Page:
The Australian Dollar has slipped against the US Dollar today, with the US Dollar being pushed up by forecast-beating inflation figures.
The latest US consumer price data has generated optimism with relation to next week’s Federal Reserve interest rate decision.
Australian Dollar Backed by Growing Australian Employment
Today’s headline Australian news has been that employment is improving across the country.
This has been dubbed a ‘jobs boom’ by some, but has not been good enough to keep the Australian Dollar up against the US Dollar.
The latest figures showed a 54.2k person rise in overall employment, which included a 40.1k increase in full-time employment.
This latter statistic was considered especially supportive as full-time work generally leads to higher paid, more stable positions and greater economic contributions.
Participation levels were also up, but underemployment remains an issue. The underemployment rate, measuring workers who can and wish to work more hours, remains near a record high.
Looking at the figures, Paul Dales of Capital Economics summarised that;
‘[Underemployment] needs to fall to around 12% before we can say that there is a ‘normal’ amount of spare capacity in the labour market.’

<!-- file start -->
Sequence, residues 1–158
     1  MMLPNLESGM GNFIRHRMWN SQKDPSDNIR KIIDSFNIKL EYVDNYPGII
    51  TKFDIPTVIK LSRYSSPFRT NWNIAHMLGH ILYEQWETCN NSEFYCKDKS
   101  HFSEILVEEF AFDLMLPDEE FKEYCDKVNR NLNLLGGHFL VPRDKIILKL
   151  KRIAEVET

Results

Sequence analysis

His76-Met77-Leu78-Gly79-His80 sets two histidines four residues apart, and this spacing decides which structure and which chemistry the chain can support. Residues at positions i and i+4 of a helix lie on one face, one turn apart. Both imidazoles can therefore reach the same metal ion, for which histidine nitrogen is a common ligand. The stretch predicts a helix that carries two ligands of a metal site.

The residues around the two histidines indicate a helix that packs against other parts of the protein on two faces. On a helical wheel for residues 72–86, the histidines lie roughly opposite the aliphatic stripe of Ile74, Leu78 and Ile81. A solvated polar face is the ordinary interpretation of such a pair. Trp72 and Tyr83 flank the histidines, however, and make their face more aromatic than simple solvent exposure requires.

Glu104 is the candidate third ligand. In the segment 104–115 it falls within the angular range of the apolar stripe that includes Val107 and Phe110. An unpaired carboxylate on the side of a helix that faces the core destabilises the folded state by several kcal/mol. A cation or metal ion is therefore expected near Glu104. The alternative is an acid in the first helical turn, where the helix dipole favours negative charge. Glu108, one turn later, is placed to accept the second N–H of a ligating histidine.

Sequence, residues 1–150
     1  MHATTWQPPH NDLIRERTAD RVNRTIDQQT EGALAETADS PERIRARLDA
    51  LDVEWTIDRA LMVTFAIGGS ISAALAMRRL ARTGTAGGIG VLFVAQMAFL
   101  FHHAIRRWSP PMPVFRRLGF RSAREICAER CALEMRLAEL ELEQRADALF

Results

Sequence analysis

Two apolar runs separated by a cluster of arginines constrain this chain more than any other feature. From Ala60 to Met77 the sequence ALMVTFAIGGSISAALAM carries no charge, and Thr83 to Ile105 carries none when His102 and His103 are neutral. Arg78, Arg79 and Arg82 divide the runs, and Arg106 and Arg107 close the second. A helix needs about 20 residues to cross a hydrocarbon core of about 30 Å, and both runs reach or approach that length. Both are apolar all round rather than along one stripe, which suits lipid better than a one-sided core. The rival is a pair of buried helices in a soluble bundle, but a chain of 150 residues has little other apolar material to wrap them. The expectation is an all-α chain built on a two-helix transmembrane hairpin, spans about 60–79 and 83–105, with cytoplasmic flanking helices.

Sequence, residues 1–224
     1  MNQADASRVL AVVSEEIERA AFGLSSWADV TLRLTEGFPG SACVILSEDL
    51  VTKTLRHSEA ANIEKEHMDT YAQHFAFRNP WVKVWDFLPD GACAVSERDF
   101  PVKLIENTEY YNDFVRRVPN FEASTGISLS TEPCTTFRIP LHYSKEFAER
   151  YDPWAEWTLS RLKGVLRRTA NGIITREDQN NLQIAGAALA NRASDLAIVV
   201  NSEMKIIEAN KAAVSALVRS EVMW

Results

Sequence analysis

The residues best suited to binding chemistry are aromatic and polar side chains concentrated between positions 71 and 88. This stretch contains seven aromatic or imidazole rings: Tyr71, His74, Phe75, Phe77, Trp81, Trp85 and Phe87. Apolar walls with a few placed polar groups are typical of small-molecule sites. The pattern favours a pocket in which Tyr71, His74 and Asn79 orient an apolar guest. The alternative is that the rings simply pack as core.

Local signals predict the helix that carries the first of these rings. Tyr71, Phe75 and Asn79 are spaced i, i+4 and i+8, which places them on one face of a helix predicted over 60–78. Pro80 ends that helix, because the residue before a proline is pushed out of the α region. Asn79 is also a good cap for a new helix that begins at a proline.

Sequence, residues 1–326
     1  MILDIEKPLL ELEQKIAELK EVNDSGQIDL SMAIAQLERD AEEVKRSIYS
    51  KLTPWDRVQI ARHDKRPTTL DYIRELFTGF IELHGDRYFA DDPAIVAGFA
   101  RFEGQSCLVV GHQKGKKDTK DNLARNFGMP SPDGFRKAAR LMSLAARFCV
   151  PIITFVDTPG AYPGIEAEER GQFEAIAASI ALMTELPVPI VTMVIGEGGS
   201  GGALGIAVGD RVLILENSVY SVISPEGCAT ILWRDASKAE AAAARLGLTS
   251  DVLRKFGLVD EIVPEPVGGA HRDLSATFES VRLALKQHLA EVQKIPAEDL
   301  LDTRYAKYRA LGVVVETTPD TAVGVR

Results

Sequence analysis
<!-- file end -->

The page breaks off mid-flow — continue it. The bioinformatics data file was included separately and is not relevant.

‘As such, while faster employment growth will put more money in households’ pockets, it probably won’t translate into much faster wage growth’.
Nevertheless, this has been solid, positive data for Australia that may push the AUD/USD exchange rate up if future US data disappoints.
US Dollar Bolstered by Rising Inflation
The latest US inflation data has pushed the AUD/USD lower.
On the year in August, US inflation has risen to 1.9% for the base figure. The more accurate core reading has not changed, but by remaining at 1.7% this has also beaten forecasts for a decline.
Some believe that this news could push the Federal Reserve into considering higher interest rates.
AUD/USD Forecast; Will RBA Meeting Minutes Boost Australian Dollar Appetite?
For the week to come, the Australian Dollar US Dollar exchange rate could be influenced by Reserve Bank of Australia (RBA) minutes.
Coming on Tuesday, these minutes will cover the RBA policy meeting from earlier in September.
If the minutes show that RBA policymakers see improving employment as a prerequisite for higher interest rates then the Australian Dollar could rally.
On the other hand, however, if the central bank remains committed to a ‘wait and see’ attitude then the Australian Dollar could be devalued.
Major upcoming US news will come tomorrow, as well as Wednesday next week.
In the former case, US retail sales figures are out on Friday and are forecast to slow. This result would imply lower economic activity, which may mean that the US Dollar slips.
Further ahead, the Federal Reserve interest rate decision on Wednesday evening could bring high USD volatility.
US interest rates are not forecast to change, but the central bank could still provoke USD turbulence with any statements on monetary policy.
There are still faint hopes that the Federal Reserve could raise interest rates for a third time in 2017, so any evidence to the contrary may trigger a US Dollar decline.